With about half of the season under our belts, there are many questions: Perhaps the most perplexing question is what to make of the Milwaukee Brewers. Are they a legit contender or the luckiest team in the history of baseball?

Currently the Brewers are being sparked by an ex-MLB failure turned Korean Baseball Organization star who has connected for 20 home runs, a 31-year old journeyman who has exploded onto the scene with a .353 batting average, and a failed third baseman for the Red Sox who now has collected 15 home runs and 53 RBIs as a starter.

Oh, and that is without the six-time All-Star Ryan Braun. Baseball is perplexing sometimes, without easy answers.

On the mound, the Brewers have been powered by stellar performances from starters Jimmy Nelson and Chase Anderson, backed up by Corey Knebel, who just broke the record for consecutive innings with a strikeout for a reliever to start a season.

For a team that is supposed to be in the middle of a rebuild and looking from the bottom up, the Brewers find themselves atop the NL Central. The Chicago Cubs are close, but the St. Louis Cardinals are falling fast. What now? Go all in and lay the hand on the table or fold and survive for another hand?

Over the course of 50 years, the average MLB team should win 1.7 World Series (trust me, I did the math). That is the rate at which the average MLB team should be winning World Series. The Brewers were founded in 1970, or rather, 47 years ago.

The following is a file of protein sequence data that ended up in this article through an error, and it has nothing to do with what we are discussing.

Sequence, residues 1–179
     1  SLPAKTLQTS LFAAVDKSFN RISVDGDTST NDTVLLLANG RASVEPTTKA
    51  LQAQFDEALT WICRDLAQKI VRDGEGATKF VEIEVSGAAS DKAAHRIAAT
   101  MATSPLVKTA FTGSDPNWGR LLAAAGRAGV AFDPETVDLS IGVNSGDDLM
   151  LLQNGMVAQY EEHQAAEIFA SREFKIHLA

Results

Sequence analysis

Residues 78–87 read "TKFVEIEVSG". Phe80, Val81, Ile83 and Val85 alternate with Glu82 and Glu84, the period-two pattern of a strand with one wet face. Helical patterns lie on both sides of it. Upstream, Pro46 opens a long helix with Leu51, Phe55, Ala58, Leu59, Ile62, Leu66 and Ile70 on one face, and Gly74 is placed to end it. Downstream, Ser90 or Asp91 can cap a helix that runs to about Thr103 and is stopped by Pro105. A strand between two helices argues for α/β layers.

For comparison across sports, the NBA and NFL have a rate of 1.5 championships per 50 years. What does that mean? Basically, the World Series, over the course of 50 years, go to more teams as a whole, than NBA Finals or Super Bowls.

There is more parity in the MLB than in the other top two professional sports, meaning any given year could be the year your team wins and rarely are there sustained runs of dominance.

The only example of dominance in baseball would be the New York Yankees of 1996 through 2003. That franchise won six of eight World Series. Other than that, there are no spells of dominance in the MLB.

Meanwhile in football, one doesn’t even have to look to the past. The Patriots who have won seven of the last 16 Super Bowls.

Need more proof? Over the past 35 years, the NFL has had five repeat champions, while the MLB has had a mere two.

Still need more? How about trying to think of the last Super Bowl that did not feature the Patriots, Broncos, Colts, Ravens or Steelers?

To sum up my argument, it is very hard in the MLB to sustain playoff caliber play, so when you have it, you go for it.

The best part about the position the Brewers are in is that they do not need to hemorrhage the future to play for the now. With the surplus of talent swelling in the farm system and at the major league level, the Brewers can package some of their players and prospects for pitching help that could put them in contention for a World Series this year.

Is it a risk that you trade a future All-Star or two? Indeed it is, but it may be an even greater risk if the Brewers sit on their hands and do nothing with the opportunity they have before them. They risk losing out on contending for a World Series.

This team is fun. This team is talented. This team is has a bright future. This team is contending now. It would be a shame for the Brewers to waste what they have. They need to go for it, not because they are all finished with the rebuild, but because they have been in the league for almost 50 years. The math shows they are due.